You have to stop running long enough to make an informed decision about which road you will travel.
Proverbs 14:8 says, “The wisdom of the prudent is to give thought to their ways … but the folly of fools is deception.
Give thought to your ways. Are you living the life God intended for you? Or are you so busy that you have little time to stop, reflect, and consider the roads that are in front of you?
An old Chinese proverb says, “If you don’t change the direction you’re going, you’re likely to end up where you are headed.” Look ahead. If you stay on the road you’re traveling today, where are you going to end up?
Let me ask you a question: “If we could plot the trajectory of your soul, where does it end up?”
Maybe right now you’re at a ministry crossroads. Perhaps ministry and life haven’t turned out like you’d hoped. Maybe today you find yourself empty and drained from the demands of ministry.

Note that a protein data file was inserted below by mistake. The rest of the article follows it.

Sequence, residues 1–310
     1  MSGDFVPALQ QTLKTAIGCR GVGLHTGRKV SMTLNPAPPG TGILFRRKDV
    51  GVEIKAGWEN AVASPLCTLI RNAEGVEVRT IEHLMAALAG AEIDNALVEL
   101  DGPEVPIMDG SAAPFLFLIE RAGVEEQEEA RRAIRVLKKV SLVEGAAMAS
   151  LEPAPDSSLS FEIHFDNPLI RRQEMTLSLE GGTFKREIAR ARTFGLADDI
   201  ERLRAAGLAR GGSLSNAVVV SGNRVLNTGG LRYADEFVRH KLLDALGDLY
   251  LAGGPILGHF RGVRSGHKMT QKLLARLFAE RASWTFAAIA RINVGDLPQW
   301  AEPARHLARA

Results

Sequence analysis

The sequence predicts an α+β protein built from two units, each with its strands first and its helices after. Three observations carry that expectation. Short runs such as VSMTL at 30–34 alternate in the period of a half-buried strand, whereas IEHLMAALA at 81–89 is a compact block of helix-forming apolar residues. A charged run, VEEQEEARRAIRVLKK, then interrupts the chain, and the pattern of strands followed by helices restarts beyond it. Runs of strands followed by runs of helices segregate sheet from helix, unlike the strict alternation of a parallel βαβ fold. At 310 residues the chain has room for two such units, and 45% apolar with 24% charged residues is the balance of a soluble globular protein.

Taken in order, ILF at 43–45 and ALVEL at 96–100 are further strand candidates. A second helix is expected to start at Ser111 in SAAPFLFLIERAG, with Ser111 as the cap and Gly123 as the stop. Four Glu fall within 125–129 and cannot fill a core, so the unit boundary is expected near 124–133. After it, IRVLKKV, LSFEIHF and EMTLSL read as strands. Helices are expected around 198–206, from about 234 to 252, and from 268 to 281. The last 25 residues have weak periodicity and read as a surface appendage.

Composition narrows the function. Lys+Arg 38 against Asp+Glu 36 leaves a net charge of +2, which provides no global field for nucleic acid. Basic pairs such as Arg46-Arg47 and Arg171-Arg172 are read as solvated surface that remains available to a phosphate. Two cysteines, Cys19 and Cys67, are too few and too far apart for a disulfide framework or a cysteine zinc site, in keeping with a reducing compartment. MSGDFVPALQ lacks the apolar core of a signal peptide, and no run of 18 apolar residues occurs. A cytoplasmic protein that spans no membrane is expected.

There is hope. There is a different way . . . a better way. But you are at a crossroads and you have to make a decision about the path from this point forward. Your outward circumstances might not change, but you can change the trajectory of your soul. With God’s help, you really can bring your soul back to life. Joy can return. Passion can be reignited. Intimacy can be restored.


The past is a friend. Many people have walked the road before us, and we can learn a lot from them. This isn’t about something new but rather something ancient. It’s about following the footsteps of those who’ve gone before us. They’re up ahead, motioning back to us and saying, “Come this way. This is the path of spiritual health. This road will help you stay in love with Jesus and finish well.”